We were fed to believe that calories, protein, carbohydrates, fat, along with a few others should be weighed significantly before consumption. The history of how this came about and why it is ubiquitous today is discussed in depth in Michael Pollan’s “In Defense of Food”.

The bombardment of nutrient marketing has benefited the conglomerates of the food industry and has created much confusion for consumers. Do you select that granola bar that’s labeled and marketed as low fat, high fiber, low carb, low sugar, or high protein?

How about whether or not you should opt for the pizza dough that now has probiotics?

Does it not strike you as odd that the produce we all know that contain the nutrients that are beneficial to us have no listings on them describing what their high in, low in or good for? Next time you step inside a food store, walk down the middle aisles where all processed foods are located and then proceed to the far end of the grocery store where you will find the produce selection. Be cognizant of how divergent they are in regards to their marketing claims.

Researchers compose studies about nutrients and aim to break them down into single dimensions. Skepticism is needed here for those of us who read and care about what we are ingesting. Height and weight are single dimensions. Those can be measured precisely at a specific point in time. Consider areas where singularity is non-existent. How do you precisely measure the risk of cancer from eating too much meat or whether a glass of wine every day is good for you?

Although we attempt to control all other factors that may play a role in altering the results, how does one account for genetics, exercise, stress, happiness, etc. We also know that certain foods are processed and digested differently when eaten in conjunction with other foods as well as nutrient contents being contingent upon the method we use to cook them.

The whole is greater than the sum of the parts. Although determined in a different field of science Anderson’s finding in his essay, “More Is Different”  that “The behavior of large and complex aggregates of elementary particles, it turns out, is not to be understood in terms of the simple extrapolation of the properties of a few particles” can be applied to food nutrients.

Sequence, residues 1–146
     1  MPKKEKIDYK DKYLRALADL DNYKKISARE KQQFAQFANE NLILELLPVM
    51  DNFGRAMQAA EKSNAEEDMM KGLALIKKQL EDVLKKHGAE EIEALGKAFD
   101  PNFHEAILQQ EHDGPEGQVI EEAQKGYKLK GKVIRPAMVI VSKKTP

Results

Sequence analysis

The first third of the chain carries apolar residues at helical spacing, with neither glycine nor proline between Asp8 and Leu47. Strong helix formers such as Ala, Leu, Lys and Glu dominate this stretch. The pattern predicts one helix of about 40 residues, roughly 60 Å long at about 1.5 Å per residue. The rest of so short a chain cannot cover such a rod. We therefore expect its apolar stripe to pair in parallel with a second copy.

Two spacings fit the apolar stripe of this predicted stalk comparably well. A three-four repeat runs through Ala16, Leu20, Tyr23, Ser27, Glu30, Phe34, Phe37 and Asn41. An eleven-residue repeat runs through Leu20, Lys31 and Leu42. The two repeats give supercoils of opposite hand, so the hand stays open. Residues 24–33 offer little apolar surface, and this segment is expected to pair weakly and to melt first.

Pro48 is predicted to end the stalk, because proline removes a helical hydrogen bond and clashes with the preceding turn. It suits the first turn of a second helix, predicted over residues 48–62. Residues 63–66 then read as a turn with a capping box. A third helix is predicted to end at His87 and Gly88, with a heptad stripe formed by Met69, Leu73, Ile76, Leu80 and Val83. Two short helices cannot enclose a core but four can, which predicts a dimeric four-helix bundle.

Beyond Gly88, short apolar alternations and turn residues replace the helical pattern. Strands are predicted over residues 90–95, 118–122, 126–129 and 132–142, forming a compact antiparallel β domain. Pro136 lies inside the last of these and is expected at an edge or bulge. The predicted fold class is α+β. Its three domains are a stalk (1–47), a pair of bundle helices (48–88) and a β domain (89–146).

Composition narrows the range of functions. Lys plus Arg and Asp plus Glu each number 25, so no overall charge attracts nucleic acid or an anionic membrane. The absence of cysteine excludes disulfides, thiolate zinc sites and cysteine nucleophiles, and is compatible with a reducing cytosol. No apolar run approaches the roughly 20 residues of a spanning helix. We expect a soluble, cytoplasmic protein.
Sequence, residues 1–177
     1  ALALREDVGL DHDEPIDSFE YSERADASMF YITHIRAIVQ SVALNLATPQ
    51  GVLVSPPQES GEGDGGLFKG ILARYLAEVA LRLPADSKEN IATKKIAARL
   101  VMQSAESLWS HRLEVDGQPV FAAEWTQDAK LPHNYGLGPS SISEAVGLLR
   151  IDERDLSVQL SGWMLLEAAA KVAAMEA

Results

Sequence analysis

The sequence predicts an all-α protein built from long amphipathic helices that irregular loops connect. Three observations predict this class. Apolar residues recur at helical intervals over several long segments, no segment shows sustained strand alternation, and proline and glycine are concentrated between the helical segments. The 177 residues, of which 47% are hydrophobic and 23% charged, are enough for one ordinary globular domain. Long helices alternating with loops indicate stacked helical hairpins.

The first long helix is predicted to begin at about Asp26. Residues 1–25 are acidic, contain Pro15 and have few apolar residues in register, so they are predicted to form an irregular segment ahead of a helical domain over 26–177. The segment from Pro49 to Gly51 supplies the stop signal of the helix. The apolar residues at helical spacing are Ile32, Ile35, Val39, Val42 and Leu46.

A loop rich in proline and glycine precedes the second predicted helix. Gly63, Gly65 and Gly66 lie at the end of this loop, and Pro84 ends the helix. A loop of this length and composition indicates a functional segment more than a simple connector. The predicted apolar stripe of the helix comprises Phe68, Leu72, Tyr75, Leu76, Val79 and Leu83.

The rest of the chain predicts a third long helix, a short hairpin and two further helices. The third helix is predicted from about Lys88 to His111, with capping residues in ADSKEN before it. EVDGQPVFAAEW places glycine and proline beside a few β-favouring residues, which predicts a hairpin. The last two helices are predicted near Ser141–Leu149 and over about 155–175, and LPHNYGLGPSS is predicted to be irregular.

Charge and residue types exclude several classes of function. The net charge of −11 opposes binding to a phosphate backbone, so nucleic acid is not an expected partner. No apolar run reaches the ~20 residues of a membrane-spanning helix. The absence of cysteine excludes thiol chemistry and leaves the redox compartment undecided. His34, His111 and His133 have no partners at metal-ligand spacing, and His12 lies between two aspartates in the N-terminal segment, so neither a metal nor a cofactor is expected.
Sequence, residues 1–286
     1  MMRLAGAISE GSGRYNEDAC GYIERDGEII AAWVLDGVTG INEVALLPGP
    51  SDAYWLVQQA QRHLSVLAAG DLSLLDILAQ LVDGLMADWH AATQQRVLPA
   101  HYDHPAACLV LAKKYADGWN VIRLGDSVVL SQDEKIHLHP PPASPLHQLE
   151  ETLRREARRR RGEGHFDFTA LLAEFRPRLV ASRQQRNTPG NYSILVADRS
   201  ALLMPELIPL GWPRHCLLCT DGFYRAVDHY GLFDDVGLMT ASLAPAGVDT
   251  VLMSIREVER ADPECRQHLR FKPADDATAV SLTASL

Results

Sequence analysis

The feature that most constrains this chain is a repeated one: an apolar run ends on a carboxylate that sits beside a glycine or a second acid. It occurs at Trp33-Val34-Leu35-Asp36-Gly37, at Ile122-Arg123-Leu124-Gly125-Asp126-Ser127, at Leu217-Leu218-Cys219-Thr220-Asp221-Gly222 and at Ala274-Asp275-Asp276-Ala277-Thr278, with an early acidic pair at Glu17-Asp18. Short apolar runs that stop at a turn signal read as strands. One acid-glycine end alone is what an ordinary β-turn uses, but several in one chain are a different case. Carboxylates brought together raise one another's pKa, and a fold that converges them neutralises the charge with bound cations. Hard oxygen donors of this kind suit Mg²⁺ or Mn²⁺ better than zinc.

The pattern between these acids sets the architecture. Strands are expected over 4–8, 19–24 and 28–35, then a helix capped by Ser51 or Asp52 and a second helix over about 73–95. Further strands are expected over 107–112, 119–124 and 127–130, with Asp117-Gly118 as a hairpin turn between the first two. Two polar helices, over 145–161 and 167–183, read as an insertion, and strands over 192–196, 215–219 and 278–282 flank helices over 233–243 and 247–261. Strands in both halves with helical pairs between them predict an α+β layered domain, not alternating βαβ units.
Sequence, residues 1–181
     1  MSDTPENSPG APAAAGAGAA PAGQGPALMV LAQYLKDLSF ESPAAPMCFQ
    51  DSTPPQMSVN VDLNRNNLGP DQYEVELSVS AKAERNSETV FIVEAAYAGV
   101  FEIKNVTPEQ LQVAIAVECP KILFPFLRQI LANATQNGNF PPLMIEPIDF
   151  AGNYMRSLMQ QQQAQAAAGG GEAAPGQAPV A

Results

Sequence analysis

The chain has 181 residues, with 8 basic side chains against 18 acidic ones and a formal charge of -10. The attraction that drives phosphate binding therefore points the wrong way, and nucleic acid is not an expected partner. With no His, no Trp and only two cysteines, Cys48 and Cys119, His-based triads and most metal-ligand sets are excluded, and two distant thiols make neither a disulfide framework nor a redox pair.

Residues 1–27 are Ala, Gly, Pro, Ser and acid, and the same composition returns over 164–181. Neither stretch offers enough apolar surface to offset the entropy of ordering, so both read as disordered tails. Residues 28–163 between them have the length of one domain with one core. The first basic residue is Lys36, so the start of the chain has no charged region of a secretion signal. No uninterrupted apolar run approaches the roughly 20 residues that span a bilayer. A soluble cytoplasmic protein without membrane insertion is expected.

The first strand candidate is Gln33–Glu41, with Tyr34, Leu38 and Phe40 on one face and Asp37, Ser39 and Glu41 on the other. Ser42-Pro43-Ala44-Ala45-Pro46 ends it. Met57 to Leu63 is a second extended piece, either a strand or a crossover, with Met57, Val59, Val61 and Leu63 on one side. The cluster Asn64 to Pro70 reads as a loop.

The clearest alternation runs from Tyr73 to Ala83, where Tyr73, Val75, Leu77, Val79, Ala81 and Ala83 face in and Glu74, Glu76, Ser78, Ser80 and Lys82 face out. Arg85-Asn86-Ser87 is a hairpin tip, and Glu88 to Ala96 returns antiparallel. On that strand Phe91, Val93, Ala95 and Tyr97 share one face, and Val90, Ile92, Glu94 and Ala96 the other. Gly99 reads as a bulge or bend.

What is more alarming is that most nutrient studies are based on questionnaires. Do you recall the exact amount of red meat you’ve eaten in the past two months? How about the precise amount of water, exercise, fiber, sugar, or coffee?

We must also take into account how we skew answers. We have the tendency to consciously or unconsciously select choices based on what we speculate may be in our and/or the surveyor’s best interest. Couple this with the inability to determine the precise amount of food we consumed (how many peanuts are in 6 oz?) and your credence of these studies should plunge.

Let’s begin depreciating the importance of nutrients and transition back to single ingredient items. As much as science has completely transformed our lives, researchers should abide by Socrates’ quote that “true knowledge exists in knowing you know nothing”. Humans have an innate desire to understand cause and effect and it often leaves us with misinformation. What is taken as conventional wisdom (the world being flat, Roman’s lining plumbing systems with lead, margarine being healthier than butter)  will soon be shattered by new evidence that we did not account or factor in.

Turn over those bars you’ve been eating lately. Read the ingredients listed. What exactly are you eating? Consumer awareness of such is increasing and companies that fail to adopt will soon become obsolete. What we now need is to not only shrink those middle aisles filled with processed and artificial foods but solidify that fresh produce will be its replacement.

Never forget, correlation does not mean causation. It’s imperative we keep that in our cognitive toolkit when reading studies related to nutrition. There is a correlation between ice cream sales and shark attacks but that does not mean one causes the other. It just so happens that shark attacks are more likely in the summer (more of us enter the ocean in summer months) which is also the season most of us buy ice cream.


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